After getting an overview of the ‘What is new …’ in the next Katmai CTP at the PASS Summit, I was greatly surprised with the good stuff that is coming up. But then I started weighting the improvements each of the products is getting, I got the impression that SSIS was treated as a second class citizen in this new release. Why do I think so? Well, you just have to look at the number and scale of the changes and enhancements that the other products of the suite are getting, to get to that conclusion. After all, it may not be a coincidence that the MSFT session devoted to SSIS 2008 was the only one that had analogies between ‘cake and frosting’ and the type of changes introduced in SSIS 2008. It looks like the SSIS team had to make some choices, and decided to concentrate in getting a better ‘cake’ by improving the core of the product, and in exchange, putting just little frosting to add extra functionality. For instance, It would have been nicer to see SSIS getting as much ‘frosting’ as SSAS or the Relational DB engine got; and I am pretty sure that would have helped to start changing the perception some people have about SSIS of being the tool that ‘comes for free’ when you buy the DB product toward one of being an enterprise data integration tool.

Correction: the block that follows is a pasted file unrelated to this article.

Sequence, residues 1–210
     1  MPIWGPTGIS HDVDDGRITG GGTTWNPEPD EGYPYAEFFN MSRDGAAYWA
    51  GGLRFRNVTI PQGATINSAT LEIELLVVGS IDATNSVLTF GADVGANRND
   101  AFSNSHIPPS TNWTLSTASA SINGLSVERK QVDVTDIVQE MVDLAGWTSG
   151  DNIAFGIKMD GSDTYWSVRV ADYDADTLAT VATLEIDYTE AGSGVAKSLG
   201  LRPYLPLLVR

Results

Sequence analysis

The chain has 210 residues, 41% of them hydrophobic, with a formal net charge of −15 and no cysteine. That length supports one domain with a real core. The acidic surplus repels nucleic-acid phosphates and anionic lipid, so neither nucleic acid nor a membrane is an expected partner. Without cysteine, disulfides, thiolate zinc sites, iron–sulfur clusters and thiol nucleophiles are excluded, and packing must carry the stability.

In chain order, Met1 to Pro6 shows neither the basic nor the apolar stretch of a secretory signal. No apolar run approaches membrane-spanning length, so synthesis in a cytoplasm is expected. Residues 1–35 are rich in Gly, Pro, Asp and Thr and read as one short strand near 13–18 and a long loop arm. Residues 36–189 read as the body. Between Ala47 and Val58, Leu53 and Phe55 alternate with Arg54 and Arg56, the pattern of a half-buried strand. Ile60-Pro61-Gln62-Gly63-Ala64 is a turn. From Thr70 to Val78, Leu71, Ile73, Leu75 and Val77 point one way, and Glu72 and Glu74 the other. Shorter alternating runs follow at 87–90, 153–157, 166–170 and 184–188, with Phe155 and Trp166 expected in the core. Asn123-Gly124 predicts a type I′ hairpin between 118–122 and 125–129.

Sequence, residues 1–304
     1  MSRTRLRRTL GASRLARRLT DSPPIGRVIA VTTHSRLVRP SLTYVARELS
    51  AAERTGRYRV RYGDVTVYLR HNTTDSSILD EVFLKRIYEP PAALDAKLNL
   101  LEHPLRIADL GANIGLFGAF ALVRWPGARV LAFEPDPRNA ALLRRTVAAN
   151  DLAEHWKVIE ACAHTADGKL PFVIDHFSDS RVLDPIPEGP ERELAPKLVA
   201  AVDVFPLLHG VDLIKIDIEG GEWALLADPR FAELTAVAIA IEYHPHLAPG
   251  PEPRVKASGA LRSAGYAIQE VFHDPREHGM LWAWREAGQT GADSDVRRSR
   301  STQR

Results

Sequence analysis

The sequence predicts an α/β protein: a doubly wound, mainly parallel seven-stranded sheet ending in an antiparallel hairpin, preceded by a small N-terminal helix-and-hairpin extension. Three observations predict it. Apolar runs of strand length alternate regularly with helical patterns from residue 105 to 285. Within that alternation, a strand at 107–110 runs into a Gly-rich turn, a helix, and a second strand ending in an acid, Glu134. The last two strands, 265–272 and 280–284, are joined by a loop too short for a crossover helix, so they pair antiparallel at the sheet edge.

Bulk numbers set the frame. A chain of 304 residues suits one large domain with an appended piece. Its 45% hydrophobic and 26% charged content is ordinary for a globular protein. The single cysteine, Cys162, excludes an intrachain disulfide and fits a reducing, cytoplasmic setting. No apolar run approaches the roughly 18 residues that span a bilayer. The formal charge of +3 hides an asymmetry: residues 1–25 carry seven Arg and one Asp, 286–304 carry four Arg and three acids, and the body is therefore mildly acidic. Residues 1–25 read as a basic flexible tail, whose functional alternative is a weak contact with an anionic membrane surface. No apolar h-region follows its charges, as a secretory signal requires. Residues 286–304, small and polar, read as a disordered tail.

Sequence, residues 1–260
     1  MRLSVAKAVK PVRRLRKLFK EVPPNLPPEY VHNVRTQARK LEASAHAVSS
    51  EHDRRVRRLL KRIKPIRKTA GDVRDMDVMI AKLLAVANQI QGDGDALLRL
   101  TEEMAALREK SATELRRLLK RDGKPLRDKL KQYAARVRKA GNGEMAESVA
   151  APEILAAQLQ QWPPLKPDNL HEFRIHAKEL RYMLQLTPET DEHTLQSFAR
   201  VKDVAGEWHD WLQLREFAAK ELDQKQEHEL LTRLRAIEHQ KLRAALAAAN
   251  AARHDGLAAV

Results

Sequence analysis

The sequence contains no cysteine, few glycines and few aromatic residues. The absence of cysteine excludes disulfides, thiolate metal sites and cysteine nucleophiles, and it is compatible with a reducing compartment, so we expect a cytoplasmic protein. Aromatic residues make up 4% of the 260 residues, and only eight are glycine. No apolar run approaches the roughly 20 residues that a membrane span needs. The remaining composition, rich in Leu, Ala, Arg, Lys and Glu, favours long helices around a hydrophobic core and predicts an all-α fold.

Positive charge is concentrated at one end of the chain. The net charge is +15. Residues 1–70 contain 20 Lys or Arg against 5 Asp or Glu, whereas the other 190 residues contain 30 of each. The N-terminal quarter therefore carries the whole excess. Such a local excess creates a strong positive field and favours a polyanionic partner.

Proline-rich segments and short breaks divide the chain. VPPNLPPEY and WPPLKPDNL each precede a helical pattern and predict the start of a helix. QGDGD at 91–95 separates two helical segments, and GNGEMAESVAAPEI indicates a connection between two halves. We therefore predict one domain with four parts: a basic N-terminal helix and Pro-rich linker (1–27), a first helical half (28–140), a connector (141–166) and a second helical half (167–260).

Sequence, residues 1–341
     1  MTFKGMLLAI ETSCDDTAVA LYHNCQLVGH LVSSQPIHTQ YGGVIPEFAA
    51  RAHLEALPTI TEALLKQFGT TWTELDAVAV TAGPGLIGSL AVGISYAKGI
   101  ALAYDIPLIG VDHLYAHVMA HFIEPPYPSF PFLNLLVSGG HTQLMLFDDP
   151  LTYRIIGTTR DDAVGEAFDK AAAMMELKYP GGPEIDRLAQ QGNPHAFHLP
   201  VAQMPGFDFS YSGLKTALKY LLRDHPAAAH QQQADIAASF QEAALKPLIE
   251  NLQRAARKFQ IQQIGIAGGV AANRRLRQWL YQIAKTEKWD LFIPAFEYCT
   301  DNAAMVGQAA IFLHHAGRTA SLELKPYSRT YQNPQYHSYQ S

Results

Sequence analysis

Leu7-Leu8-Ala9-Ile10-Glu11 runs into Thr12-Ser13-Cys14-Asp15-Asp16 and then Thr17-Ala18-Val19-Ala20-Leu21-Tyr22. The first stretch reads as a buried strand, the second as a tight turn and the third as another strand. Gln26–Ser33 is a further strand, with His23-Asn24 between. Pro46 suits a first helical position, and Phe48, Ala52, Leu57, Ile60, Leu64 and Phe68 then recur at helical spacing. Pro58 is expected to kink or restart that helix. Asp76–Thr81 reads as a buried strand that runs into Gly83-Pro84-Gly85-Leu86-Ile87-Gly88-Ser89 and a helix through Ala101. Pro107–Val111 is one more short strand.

Anyway, don’t take me wrong, I really think SSIS is a great product that is going in the right direction. Actually, I had the opportunity to talk to Denise Draper, head of the SSIS team, and I was glad to hear that they are really listening to the users, and that upcoming enhancements would be aligned with that feedback; but the fact that the SSIS team is the smallest in size (and budget) in the SQL Server product team seems to be making the difference.
I will be one among many of you missing some improvements that probably won’t make this release (most of them requested at SQL Server Connect site), such as component re-usability and better package templates behavior.
Will we get more frosting anytime soon? I hope so.